Saturday, 10 October 2015

Linux, Elementary and the problem with temp files

One legacy of more than fifteen years using Linux is complacency.  some of us are so used to Linux being pretty well bulletproof that we forget it has changed.  And it has grown.  I fall for this all the time.  A root file system of a grew hundred megabytes used to be plenty.  Later as Linux distributions grew I started making root about two, then four gigabytes.  Over the last few years I installed into root partitions of fourteen and twenty gigabytes.  Now I find my Elementary OS Freya is taking all but three and a half of the fourteen gigabytes allocated to root.

This was not much of an issue in the past, but with NBN in Australia we have significantly increased our ability to move data around.  And as someone who likes playing with operating systems and graphics, not to mention editing video, I end up with large files in my /tmp directory.  This creates fairly regular warnings that my hard disk is low on space.

As an example, just now I decided to pull in a 1.6GB iso.  It wants to transit /tmp on the way to its eventual destination.  And there is only about 2GB space in /root.  Next time there's a major release of Elementary I will probably reformat my hard drive and allocate about 30GB to root.  For now though the simplest option is to make more room in /tmp.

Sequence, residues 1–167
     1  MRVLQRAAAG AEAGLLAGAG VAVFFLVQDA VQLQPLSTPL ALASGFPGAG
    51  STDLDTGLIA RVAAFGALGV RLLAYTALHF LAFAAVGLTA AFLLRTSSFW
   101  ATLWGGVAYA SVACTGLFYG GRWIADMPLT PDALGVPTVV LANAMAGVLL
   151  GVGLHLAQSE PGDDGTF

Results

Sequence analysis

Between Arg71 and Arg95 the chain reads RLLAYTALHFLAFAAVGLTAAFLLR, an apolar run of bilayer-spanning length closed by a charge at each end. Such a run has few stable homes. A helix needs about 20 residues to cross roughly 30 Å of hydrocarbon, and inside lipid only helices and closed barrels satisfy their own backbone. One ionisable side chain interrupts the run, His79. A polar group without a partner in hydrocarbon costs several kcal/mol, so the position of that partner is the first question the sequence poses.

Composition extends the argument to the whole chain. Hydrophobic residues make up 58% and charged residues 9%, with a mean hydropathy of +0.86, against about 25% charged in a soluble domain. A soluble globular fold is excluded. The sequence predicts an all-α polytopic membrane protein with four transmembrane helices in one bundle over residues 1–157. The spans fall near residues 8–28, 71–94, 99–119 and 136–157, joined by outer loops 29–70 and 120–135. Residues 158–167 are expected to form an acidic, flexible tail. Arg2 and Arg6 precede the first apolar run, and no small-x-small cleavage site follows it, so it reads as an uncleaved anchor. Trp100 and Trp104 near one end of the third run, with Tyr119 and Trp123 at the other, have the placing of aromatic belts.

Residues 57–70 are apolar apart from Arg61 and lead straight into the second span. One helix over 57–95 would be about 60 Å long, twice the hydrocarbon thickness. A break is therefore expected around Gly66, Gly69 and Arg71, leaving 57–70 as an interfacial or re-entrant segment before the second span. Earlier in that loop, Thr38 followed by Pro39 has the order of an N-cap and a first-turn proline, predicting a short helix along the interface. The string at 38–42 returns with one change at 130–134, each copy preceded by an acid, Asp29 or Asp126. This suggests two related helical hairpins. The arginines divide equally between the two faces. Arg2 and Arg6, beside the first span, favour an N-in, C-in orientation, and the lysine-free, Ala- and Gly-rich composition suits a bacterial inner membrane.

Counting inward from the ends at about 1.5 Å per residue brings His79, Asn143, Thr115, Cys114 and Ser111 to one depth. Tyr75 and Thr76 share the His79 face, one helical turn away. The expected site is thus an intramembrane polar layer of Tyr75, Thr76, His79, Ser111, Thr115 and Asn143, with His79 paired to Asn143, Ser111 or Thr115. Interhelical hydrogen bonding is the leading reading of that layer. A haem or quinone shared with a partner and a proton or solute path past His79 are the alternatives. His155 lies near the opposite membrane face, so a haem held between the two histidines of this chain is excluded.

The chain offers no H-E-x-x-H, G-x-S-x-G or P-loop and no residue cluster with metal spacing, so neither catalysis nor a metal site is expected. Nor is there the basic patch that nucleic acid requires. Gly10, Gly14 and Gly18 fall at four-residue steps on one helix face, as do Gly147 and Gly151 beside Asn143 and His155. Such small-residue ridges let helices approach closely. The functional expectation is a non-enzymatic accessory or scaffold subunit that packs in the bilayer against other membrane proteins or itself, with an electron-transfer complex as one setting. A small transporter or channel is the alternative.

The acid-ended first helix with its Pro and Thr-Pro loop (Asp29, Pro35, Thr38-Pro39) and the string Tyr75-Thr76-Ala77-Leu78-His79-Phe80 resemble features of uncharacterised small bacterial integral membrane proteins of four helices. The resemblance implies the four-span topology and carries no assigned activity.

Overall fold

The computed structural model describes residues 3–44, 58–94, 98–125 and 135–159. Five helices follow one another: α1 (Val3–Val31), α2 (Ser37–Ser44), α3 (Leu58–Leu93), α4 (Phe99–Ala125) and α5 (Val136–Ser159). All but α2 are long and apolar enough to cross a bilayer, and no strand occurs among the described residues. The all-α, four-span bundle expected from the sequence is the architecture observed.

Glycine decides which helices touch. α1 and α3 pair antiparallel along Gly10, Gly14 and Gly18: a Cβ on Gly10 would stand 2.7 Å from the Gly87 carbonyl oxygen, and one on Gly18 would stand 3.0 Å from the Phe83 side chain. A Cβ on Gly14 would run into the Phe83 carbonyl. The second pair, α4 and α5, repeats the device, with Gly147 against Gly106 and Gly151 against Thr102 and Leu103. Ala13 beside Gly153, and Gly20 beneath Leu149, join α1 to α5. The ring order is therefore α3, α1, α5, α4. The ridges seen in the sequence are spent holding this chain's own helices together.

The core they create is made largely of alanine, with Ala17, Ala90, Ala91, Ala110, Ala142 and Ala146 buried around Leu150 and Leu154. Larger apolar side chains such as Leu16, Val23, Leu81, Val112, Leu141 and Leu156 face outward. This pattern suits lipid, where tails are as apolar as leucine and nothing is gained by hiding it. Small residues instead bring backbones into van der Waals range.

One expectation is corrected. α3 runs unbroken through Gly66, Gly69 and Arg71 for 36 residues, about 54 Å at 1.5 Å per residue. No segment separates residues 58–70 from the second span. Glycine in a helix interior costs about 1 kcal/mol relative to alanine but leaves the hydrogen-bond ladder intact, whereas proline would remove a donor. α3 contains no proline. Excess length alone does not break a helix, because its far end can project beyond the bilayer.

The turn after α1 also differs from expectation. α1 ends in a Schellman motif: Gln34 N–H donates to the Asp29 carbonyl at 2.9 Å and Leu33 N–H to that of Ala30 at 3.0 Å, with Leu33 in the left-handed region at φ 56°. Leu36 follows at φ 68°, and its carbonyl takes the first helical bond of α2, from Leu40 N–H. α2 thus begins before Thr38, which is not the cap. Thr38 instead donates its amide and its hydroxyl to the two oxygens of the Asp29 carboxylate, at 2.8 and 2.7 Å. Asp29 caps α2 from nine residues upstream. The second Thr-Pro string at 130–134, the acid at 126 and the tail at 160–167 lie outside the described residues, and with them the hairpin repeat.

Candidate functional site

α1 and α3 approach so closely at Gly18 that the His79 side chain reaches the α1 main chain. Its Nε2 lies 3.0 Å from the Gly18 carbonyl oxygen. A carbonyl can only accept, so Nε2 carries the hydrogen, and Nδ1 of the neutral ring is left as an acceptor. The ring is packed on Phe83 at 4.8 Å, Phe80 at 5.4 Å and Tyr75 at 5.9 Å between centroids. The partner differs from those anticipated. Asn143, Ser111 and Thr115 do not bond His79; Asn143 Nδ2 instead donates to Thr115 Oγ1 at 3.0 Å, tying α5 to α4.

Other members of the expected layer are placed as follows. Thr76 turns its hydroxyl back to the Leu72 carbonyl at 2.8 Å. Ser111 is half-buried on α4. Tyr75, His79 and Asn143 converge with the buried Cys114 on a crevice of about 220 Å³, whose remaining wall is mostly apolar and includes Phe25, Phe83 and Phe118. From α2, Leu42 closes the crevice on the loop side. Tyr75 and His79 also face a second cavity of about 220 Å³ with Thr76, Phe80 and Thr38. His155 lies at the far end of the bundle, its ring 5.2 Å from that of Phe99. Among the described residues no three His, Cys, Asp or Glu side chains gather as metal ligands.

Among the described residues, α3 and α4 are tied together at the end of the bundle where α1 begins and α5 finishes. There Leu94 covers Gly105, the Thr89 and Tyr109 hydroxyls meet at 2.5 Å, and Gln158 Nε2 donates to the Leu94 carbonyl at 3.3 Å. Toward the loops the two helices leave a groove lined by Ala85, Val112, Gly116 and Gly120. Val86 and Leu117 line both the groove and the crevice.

Luckily in Linux the problem is relatively easy to solve.  First I need to redirect all saves to /root/tmp to my home directory.   So first I make a new /tmp under /home/user.   Then I send all 'current' tmp stuff there.  This applies to operations after Linux has actually booted.  There will be some files still going to /root/tmp, but most of them will be zero bytes in size.

Opening my text editor as root I can edit the environment file.

$  sudo kate /etc/environment          And on a new line enter the following:


Then save the file and reboot the computer.   whatever text editor you use can be substituted for kate.  gedit, kwrite, vi, whatever is in use at the moment.

Something to be aware of though is that things like lock files for the word processor and other functions will also be redirected to this /home/user/tmp directory.  So it is easy to kill stuff that shouldn't be 'made dead'.   If that is a concern, make the tmp directory hidden by putting a dot in front of it.  But remember to make the environment path read    TEMP=/home/user/.tmp      so the system can find it.

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